- The Washington Times - Sunday, November 23, 2003

ANN ARBOR, Mich. — Justice was served in shades of maize and blue.

In one season-defining, fourth-quarter drive yesterday, No.5 Michigan spared college football a potential BCS debacle and sentenced No.4 Ohio State to a 35-21 defeat.

The Drive began with 11:48 remaining in the 100th meeting between the Big Ten behemoths and Michigan clinging to a tenuous 28-21 lead that once had been a very comfy 28-7.

Displaying the resilience that has defined the Buckeyes in the Jim Tressel era, Ohio State (10-2, 6-2 Big Ten) weathered a Michigan assault that produced touchdowns on four of its first five possessions and clawed back into contention.

The Buckeyes, ranked two spots behind Southern California in both polls but somehow ahead of the Trojans in the latest BCS standings, had all the momentum and must have sensed that a berth in the Sugar Bowl was just a big play away. No doubt, every one of the NCAA-record 112,118 folks in attendance was intimately aware of Ohio State’s mind-numbing success in thrillers: 9-0 in games decided by less than a touchdown since the start of 2002. And as Michigan (10-2, 7-1) took possession at its 12, you could sense a 10th scene coming in that luck-laden script.

On first down, Michigan senior Chris Perry was swallowed up at the line by defensive end Simon Fraser. Perry, the Big Ten’s premier tailback and a darkhorse Heisman Trophy candidate, was sensational over the game’s first 35 minutes. But Ohio State All-American Will Smith wrenched Perry’s leg during a pileup midway through the third quarter. And with Perry limping noticeably between plays afterward, the sudden slump in the Michigan offense corresponded.

“I was too busy barking at Smitty about how I got injured to focus on the pain,” Perry said of the seemingly dirty play. “If that’s what it looked like, cameras don’t lie.”

In fact, it wasn’t the first suspect play in a pile by the Buckeyes. On Michigan’s first drive of the game, Ohio State linebacker Robert Reynolds hit Michigan wideout Jason Avant after a short completion and continued twisting the receiver’s body well after the whistle sounded.

Reynolds is the same player who infamously jabbed Wisconsin’s Jim Sorgi in the Adam’s apple at the bottom of a pile earlier this year. Like Sorgi, Avant had to leave the game and was later carted to the locker room with his left leg encased in ice.

In spite of his condition, Michigan turned once again to Perry. On second down, quarterback John Navarre found him on a screen pass that netted 15 yards and a new set of downs. Michigan assistants tried waving the gassed tailback to the sideline for a rest. But Perry returned to the huddle and answered his coaches by making a brilliant cut off left tackle and rambling for 13 yards to the Michigan 40.

“Honestly, I was hurting a lot,” said Perry, a 6-foot-1, 218-pounder who entering this season was being criticized by Michigan fans as a pedestrian blip in the Wolverines’ tailback lineage. “But it was one of those games that’s going to be remembered and talked about a lot. I want to be remembered, so there was no way I was going to be held out.”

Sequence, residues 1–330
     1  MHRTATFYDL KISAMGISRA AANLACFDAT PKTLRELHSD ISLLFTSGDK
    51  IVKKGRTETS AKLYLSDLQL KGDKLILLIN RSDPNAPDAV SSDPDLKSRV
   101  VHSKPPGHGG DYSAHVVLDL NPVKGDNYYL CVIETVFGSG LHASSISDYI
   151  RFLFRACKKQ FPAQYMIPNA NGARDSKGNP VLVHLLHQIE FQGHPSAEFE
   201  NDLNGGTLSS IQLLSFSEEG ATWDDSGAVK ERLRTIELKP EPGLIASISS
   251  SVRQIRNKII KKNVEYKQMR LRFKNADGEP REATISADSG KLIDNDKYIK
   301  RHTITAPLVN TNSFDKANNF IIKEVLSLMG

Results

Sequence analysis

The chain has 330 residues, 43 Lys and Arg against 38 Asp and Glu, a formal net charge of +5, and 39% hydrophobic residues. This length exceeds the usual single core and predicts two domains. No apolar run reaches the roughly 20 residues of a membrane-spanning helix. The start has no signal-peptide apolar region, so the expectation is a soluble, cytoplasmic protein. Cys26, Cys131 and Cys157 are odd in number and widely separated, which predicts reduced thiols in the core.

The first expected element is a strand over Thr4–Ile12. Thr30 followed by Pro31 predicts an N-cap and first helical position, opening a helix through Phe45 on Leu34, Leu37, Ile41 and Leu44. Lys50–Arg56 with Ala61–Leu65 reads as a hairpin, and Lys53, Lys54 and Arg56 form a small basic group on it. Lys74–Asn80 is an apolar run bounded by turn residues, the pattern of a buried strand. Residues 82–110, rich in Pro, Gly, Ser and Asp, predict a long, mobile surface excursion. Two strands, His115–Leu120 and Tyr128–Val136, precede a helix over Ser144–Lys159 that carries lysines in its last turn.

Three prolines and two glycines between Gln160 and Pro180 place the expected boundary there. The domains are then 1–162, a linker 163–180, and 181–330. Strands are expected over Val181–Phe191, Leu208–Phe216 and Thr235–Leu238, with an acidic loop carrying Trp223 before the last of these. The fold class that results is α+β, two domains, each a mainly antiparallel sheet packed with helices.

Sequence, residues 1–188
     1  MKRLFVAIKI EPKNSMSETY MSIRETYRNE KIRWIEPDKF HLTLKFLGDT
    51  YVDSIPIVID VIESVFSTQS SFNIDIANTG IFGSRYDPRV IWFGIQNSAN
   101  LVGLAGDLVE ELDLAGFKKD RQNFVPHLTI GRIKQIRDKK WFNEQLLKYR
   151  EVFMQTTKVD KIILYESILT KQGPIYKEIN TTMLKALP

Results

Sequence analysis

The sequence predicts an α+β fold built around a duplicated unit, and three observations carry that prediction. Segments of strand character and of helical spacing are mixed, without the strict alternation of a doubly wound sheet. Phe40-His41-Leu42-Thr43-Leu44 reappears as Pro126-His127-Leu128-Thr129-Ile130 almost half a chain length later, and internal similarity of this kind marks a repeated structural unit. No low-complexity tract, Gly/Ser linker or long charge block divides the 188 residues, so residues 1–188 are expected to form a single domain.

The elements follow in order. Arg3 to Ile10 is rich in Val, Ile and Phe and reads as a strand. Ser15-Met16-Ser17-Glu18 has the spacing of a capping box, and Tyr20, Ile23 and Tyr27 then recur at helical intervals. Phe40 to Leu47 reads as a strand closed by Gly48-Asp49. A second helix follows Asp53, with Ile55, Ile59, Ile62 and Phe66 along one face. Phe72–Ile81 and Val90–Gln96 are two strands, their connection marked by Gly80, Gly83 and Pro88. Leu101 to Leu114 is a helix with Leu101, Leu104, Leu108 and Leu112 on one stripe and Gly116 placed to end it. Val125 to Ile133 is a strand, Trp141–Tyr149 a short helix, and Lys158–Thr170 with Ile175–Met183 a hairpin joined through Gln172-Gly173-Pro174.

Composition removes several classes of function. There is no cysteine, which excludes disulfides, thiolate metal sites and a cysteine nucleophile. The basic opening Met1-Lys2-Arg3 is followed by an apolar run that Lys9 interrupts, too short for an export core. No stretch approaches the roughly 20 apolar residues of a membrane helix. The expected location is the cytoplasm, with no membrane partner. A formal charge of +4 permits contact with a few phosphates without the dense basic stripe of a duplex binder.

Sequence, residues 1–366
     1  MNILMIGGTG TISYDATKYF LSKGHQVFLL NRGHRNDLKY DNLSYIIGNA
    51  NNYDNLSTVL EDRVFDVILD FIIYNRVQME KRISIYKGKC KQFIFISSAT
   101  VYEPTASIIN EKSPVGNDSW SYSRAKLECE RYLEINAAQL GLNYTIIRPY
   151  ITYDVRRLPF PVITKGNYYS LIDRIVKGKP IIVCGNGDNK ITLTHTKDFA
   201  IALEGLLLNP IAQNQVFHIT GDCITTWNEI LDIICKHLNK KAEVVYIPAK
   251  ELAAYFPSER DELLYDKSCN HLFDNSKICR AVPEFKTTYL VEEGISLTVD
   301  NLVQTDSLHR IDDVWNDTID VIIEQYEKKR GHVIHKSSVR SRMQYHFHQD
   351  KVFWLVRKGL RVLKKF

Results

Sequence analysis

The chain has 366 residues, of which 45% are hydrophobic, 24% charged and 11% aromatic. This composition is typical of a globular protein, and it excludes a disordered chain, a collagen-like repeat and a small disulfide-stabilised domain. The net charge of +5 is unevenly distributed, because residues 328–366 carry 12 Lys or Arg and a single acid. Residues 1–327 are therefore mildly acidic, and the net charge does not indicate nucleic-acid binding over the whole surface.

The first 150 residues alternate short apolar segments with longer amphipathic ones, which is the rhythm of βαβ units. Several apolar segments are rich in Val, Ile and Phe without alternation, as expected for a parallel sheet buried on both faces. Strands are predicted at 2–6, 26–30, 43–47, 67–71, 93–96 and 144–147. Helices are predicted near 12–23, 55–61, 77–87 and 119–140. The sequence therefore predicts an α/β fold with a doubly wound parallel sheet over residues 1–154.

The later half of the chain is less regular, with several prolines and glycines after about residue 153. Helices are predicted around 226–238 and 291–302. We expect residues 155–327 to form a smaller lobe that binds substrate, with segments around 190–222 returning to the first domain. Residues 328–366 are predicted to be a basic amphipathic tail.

After a pair of short gains set up a third-and-4 at the Michigan 46, the Wolverines then put the game in the hands of Navarre, one of the more maligned players in the school’s history. Despite a 30-10 career mark as a starter and a slew of school passing records, Navarre was 0-2 against Ohio State and had never led the Wolverines to the Big Ten title.

With his reputation at stake on third down, Navarre lofted a perfect ball to tight end Tyler Ecker on a deep out with Ohio State’s Donte Whitner seemingly Velcroed to Ecker’s back. Despite the tight coverage, Ecker hardly had to move his hands to make the catch. The 30-yard completion gave the Wolverines a first down at the Ohio State 24, where the spotlight once again shifted back to Perry.

Improving his Heisman stock with every step, the shifty back from Advance, N.C., burst over right guard for 9 yards on first down. He hobbled back to the huddle. And with everyone in the Big House expecting him to get a break, Perry took the second-down handoff, cut left in the Ohio State secondary and sprinted 15 yards for a touchdown that staked the Wolverines to a 14-point lead and drove a stake in Ohio State’s title hopes.

Perry touched the ball six times on the eight-play, 88-yard Drive, chewing up 43 yards on little more than one leg and a steel will. For the game, Perry totaled 209 yards (154 rushing) and two scores on 36 touches, becoming the first player all season to break the 100-yard barrier against an Ohio State defense that came in leading the nation against the run (50.5 yards a game).

And as the final seconds ticked off the clock yesterday on an epic performance that netted a Big Ten championship and a BCS berth (likely in the Rose Bowl), the tailback was carried around Michigan Stadium by a wave of students while the entire Big House chanted his name.

“I think our fans were rougher out there than OSU’s defense. I was more worried I was going to get injured with them celebrating,” said Perry, who has 1,589 rushing yards on his Heisman resume. “Everybody in there was yelling for us, and I just looked around at the other guys [on the team] and told them to enjoy, soak it all in. Because it isn’t every day 110,000 people give you an ovation … This game was some kind of special.”

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